Employer, Health Care Groups Clash over Workers’ Compensation

Powerful employer and health care groups are clashing over a proposed workers’ compensation bill that would set fees for medical care in the state program.

The Worker’s Compensation Employers Coalition, including Wisconsin Manufacturers and Commerce and more than 40 other groups, says workers’ comp medical costs are going up, and care costs much more for work injury patients than people covered by regular health insurance.

Employers are “seeing that they’re paying more, and they just don’t quite understand why,” Chris Reader, Wisconsin Manufacturers and Commerce’s director of health and human resources policy, said Tuesday at a Wisconsin Health News panel debating the bill expected to be introduced in the Legislature soon.

Mark Grapentine, the Wisconsin Medical Society’s senior vice president of government relations, said overall workers’ comp claims in Wisconsin run about the same as the national average, in part because workers use fewer medical services and return to their jobs three weeks shorter than average.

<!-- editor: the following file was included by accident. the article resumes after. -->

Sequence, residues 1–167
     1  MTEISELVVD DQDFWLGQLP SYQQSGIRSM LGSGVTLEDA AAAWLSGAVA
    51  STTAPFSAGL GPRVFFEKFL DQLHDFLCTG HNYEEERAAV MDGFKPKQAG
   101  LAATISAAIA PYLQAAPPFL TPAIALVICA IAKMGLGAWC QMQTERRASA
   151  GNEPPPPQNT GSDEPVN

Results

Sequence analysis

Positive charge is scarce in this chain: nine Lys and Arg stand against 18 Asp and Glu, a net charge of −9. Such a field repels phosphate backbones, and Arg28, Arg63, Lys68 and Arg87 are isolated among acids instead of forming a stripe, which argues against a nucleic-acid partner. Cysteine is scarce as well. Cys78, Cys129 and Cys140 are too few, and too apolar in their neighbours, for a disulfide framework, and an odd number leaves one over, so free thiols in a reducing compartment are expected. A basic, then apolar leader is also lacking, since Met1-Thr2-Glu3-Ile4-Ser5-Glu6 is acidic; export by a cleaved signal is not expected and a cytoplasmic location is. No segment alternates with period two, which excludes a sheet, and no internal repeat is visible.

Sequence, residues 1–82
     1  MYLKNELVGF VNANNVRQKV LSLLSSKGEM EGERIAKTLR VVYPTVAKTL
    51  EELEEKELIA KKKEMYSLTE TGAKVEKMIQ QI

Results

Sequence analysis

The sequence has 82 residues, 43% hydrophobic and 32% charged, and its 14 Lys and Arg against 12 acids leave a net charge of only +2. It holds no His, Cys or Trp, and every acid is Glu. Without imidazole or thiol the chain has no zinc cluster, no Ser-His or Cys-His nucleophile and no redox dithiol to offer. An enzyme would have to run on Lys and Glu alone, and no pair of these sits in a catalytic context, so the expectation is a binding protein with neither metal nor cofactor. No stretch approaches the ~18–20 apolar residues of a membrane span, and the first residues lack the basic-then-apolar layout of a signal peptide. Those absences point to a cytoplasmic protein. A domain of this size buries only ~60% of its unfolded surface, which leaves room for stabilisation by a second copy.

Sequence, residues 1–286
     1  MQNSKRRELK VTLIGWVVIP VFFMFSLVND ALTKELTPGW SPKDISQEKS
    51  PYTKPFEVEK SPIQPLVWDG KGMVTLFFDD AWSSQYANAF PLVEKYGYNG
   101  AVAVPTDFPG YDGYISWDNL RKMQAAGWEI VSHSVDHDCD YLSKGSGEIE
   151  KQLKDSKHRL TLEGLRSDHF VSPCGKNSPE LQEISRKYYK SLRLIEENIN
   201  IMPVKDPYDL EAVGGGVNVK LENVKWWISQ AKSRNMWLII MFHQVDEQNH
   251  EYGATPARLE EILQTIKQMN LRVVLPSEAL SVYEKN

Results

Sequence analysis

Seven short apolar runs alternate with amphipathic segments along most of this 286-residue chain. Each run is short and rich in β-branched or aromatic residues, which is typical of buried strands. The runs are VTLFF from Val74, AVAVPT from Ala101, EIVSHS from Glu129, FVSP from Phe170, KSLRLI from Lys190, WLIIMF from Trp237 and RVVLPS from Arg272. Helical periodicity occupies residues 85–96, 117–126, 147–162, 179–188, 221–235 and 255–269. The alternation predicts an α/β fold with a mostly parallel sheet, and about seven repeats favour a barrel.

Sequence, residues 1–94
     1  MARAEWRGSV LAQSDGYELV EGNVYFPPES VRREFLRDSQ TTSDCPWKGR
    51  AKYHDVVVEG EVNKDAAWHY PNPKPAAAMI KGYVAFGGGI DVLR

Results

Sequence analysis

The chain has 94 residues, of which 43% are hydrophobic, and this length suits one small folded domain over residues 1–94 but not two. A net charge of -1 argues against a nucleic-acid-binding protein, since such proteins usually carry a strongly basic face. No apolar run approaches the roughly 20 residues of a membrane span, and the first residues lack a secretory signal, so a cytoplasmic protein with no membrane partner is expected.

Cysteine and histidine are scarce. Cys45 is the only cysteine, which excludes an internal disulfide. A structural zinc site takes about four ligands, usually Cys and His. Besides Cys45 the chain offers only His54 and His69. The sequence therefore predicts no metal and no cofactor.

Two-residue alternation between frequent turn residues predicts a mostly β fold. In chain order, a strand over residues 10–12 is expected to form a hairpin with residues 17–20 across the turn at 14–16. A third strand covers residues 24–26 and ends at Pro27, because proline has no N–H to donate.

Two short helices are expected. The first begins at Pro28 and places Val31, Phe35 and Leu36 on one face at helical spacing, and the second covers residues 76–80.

Although the vast majority of states use fee schedules, the proposal in Wisconsin is “a solution in search of a problem,” Grapentine said.

In a decades-old process, the Worker’s Compensation Advisory Council, which has members from labor and management, hash out proposed changes to the program in a bill each two-year legislative session.

The group incorporated the fee schedule again into its proposed 2017-19 bill, which also calls for curbing opioid use and other changes. The fee schedule would set rates for medical care at 2.5 percent higher than the average negotiated prices for regular health insurance plans.